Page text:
• 70g/1/3 cup s coarse white salt, such as kosher salt or sea salt
  • 1 bay leaf
  • 1 cup distilled white vinegar
  • 1 kg/2 lbs turnips, peeled
  • 1 small beet, peeled
  • 3 cloves garlic, peeled and thinly sliced


  1. Place 1 cup of the water in a small saucepan and heat to a simmer. Add the bay leaf and salt, stirring until the salt is dissolved.
  2. Remove from heat, cool to room temperature, then stir in the vinegar.
  3. While the mixture is cooling, peel the turnips and beet, then cut like french fries.
  4. Place the turnips, beet and garlic into a large jar or container, then cover with the cooled brine and bay leaf and remaining water.
  5. Cover and let sit at room temperature for one week, then store in the refrigerator. The pickles will keep for about 6 weeks.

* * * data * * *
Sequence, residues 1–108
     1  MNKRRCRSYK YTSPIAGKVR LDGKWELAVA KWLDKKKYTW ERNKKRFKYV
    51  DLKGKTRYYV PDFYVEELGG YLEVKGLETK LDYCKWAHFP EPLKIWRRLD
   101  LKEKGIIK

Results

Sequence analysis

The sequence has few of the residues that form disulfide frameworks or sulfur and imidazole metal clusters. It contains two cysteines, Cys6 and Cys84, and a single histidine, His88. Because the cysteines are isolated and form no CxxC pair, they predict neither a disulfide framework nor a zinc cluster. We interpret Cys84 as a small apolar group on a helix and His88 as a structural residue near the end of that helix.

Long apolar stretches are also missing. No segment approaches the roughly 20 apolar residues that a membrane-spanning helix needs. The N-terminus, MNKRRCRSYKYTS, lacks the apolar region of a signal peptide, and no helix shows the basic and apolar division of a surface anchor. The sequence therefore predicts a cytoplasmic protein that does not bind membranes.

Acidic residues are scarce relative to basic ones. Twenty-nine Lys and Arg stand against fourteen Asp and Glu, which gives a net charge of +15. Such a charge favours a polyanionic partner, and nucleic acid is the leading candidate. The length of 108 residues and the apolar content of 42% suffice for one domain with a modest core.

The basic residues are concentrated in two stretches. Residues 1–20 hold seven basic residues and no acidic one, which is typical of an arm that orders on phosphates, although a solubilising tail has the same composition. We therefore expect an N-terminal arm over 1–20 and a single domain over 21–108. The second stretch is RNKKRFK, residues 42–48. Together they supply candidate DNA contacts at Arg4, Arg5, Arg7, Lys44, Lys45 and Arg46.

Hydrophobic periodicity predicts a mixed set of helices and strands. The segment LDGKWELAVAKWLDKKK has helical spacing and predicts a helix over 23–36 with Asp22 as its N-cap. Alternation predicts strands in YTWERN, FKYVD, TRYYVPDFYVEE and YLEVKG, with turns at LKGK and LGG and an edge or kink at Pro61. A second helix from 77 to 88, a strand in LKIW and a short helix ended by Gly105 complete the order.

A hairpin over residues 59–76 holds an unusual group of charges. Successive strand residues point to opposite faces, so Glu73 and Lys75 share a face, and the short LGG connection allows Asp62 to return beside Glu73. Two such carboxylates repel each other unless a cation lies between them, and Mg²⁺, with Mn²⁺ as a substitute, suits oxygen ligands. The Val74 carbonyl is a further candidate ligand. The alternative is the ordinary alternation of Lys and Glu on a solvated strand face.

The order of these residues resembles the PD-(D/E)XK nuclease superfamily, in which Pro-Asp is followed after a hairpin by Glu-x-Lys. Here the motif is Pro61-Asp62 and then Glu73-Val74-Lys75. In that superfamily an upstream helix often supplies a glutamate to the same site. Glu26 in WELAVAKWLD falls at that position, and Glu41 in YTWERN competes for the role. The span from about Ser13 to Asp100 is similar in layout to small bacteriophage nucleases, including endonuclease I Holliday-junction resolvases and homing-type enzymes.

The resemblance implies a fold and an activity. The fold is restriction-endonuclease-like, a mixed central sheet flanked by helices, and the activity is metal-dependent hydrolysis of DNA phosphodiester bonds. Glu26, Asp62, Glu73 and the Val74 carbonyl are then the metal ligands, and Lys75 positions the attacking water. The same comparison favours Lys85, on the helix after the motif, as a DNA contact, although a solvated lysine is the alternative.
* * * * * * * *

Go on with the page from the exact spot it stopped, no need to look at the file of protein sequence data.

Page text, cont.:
Adapted from


The trick for making round rounds is to keep turning the dough as you roll, a quarter turn each time. Much easier than turning yourself, which never seems to work.

I found it a lot easier to spread the za'atar with my fingers than with a utensil like the back of a spoon. And less is more. You don't want to load up on the za'atar.

I used a french fry cutter to cut the turnips—because doesn't everyone have one?—but it certainly isn't necessary. Just cut 3/8" x 1/2" fry shapes and save yourself something else to wash up.

Yeasty Flatbreads from #BreadBakers

#BreadBakers is a group of bread loving bakers who get together once a month to bake bread with a common ingredient or theme. Follow our Pinterest board right here. Links are also updated each month on this home page. We take turns hosting each month and choosing the theme/ingredient. If you are a food blogger and would like to join us, just send Stacy an email with your blog URL to